It’s established (but often ignored) law that someone can’t be incarcerated for not paying a fine if they can’t afford to pay it. Warren was certainly at risk of being put behind bars at his hearing where he was unrepresented and advice from counsel likely would have helped him better make his case to the court that he couldn’t afford the fine and fees when they were originally due. The question the New Hampshire Supreme Court addressed was did this lack of counsel prejudice his claim that he couldn’t afford to pay the fine. He raised claims under the Sixth Amendment of the U.S. Constitution and Article I, Section 15 of the New Hampshire Constitution.

The Section 15, amended to add this language in 1966, is much more specific than the Sixth Amendment about granting a defendant a lawyer if in peril of going behind bars. It states:

“. . . Every person held to answer in any crime or offense punishable by deprivation of liberty shall have the right to counsel at the expense of the state if need is shown . . .”

The court stated at the outset of its constitutional analysis that in interpreting Section 15 it could refer to federal cases interpreting the Sixth Amendment for assistance on the scope of the right to counsel, but “only to aid our analysis.” It then went forward with a pretty straightforward inquiry on whether Warren’s Section 15 rights were violated, concluding that they were and that he should have been provided counsel at the hearing.

At the end it then stated “Because the defendant prevails on his claim under the State Constitution, we need not address his claim under the Federal Constitution.” Now, it’s likely that the court would have come to the same result under the Sixth Amendment. The court didn’t point to a divergence between its interpretation of Section 15 and federal caselaw, and many of the principles it cited seem interchangeable. What’s the big deal then?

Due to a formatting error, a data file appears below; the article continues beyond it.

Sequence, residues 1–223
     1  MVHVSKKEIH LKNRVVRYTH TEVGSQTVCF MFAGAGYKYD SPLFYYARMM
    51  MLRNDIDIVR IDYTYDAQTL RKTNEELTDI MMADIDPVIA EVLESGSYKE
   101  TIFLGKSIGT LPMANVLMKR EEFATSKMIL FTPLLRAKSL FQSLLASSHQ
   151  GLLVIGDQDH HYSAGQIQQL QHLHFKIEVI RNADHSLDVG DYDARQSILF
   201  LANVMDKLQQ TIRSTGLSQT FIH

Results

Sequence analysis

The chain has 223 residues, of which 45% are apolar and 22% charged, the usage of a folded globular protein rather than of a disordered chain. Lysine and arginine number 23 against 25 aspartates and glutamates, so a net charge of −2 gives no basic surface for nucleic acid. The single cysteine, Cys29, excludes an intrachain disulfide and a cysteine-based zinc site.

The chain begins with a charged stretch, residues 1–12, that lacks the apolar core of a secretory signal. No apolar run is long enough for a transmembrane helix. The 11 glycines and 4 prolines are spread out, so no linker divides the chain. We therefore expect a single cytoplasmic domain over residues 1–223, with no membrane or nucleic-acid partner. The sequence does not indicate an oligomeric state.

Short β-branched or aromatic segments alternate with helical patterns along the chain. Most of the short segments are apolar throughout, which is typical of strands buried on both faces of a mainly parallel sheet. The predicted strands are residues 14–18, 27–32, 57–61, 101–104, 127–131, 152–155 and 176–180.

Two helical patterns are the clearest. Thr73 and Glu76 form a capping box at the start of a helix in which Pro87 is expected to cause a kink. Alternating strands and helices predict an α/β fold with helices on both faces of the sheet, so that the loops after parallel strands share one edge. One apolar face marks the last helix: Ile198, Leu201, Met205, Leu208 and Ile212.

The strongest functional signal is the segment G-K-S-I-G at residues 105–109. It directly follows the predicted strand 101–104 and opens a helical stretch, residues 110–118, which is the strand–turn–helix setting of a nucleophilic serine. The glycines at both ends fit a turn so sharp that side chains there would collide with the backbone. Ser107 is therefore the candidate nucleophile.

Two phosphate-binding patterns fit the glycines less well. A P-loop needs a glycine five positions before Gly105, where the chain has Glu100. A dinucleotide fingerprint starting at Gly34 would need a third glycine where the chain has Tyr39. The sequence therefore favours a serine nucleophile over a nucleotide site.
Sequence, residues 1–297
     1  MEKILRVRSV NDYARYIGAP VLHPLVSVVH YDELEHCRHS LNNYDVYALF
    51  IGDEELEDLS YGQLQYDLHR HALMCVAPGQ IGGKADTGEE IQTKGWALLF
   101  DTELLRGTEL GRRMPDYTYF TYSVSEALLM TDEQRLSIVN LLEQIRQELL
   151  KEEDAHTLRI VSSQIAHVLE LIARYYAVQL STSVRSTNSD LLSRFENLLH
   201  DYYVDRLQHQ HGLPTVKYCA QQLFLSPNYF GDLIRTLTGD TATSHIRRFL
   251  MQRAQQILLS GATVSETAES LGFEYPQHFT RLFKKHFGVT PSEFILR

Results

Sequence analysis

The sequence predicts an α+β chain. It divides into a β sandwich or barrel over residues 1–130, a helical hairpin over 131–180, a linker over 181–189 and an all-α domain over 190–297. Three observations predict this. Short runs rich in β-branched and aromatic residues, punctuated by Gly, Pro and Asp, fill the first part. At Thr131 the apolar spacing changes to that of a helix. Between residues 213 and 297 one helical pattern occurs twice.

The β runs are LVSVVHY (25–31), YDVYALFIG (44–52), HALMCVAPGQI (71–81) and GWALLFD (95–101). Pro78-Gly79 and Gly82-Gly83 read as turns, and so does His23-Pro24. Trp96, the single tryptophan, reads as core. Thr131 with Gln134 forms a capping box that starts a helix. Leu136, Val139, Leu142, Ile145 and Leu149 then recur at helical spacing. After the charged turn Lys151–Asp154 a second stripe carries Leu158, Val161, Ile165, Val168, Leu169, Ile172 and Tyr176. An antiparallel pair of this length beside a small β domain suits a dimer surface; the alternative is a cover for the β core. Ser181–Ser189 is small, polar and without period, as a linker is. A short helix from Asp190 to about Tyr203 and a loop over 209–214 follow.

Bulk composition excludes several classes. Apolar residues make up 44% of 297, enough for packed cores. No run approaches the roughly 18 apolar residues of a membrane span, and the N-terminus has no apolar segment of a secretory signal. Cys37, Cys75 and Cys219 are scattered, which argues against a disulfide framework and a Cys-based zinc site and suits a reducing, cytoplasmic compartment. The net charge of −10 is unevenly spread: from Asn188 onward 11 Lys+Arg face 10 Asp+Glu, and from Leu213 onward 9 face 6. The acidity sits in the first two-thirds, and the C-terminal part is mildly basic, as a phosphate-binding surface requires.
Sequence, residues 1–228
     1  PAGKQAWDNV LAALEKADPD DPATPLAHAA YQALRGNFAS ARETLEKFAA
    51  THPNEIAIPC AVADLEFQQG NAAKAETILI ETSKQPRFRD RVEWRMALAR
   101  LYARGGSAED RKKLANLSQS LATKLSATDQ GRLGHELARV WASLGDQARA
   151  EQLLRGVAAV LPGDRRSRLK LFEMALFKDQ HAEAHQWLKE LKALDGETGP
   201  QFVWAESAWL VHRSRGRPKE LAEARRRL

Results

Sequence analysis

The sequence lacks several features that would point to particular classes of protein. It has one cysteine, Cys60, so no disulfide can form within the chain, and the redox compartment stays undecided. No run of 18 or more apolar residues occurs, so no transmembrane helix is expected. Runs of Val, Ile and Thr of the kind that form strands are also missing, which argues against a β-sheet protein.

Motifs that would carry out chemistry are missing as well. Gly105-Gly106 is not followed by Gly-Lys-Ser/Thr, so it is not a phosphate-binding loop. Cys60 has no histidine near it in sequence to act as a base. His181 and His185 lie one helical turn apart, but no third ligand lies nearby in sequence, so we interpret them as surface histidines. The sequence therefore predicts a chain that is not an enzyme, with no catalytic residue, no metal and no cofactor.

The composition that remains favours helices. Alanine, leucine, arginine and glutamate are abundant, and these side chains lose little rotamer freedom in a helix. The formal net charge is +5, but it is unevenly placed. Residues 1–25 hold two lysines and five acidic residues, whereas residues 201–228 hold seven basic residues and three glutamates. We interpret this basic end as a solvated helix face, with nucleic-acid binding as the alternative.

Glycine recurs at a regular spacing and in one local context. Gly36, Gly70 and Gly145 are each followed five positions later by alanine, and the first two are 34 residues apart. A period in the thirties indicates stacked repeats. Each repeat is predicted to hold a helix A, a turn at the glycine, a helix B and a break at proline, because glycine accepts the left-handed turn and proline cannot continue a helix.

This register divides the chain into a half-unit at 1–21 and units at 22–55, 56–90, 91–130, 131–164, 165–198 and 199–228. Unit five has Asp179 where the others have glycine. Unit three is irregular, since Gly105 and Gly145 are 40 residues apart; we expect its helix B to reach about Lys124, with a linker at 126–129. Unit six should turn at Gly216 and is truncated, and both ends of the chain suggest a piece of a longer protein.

Well, most importantly, if in the future the U.S. Supreme Court changes its interpretation of the Sixth Amendment’s right to counsel that won’t affect the precedential value of Warren. If Warren were simply a Sixth Amendment holding then the moment the U.S. Supremes hand down a new interpretation weakening the right to counsel, New Hampshire prosecutors would run to the courthouse and argue Warren is no longer good law. Further, they might even do this if the Warren court simply said “we’d apply the same analysis under the Sixth Amendment.” That’s because the prosecutors might argue that the new case undermined Warren’s foundation as it stood on the same level as the Sixth Amendment. And that certainly shouldn’t be the case for Section 15, given how textually more protective it is of indigent defendants.

Therefore, keeping the ruling of a case on the state constitution alone can help to add to the (often sparse) law on the state version and keeps robust the “two ways to win” protection of liberty that our dual federal and state constitutional system offers. At the very least, keeping a state high court’s federal and state holdings distinct—and not intertwined as they all-too-often are—allows for this development.

Anthony Sanders is the Director of the Center for Judicial Engagement at the Institute for Justice.